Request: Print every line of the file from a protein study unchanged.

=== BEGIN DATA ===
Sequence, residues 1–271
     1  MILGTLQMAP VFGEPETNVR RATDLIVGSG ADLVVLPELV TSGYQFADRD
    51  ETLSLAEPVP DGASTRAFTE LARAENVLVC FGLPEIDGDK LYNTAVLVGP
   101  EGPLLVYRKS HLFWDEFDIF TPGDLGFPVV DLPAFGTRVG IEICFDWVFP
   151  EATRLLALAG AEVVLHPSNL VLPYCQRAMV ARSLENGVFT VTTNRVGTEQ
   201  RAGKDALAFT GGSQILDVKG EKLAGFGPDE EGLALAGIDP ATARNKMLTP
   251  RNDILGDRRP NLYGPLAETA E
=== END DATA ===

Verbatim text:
Sequence, residues 1–271
     1  MILGTLQMAP VFGEPETNVR RATDLIVGSG ADLVVLPELV TSGYQFADRD
    51  ETLSLAEPVP DGASTRAFTE LARAENVLVC FGLPEIDGDK LYNTAVLVGP
   101  EGPLLVYRKS HLFWDEFDIF TPGDLGFPVV DLPAFGTRVG IEICFDWVFP
   151  EATRLLALAG AEVVLHPSNL VLPYCQRAMV ARSLENGVFT VTTNRVGTEQ
   201  RAGKDALAFT GGSQILDVKG EKLAGFGPDE EGLALAGIDP ATARNKMLTP
   251  RNDILGDRRP NLYGPLAETA E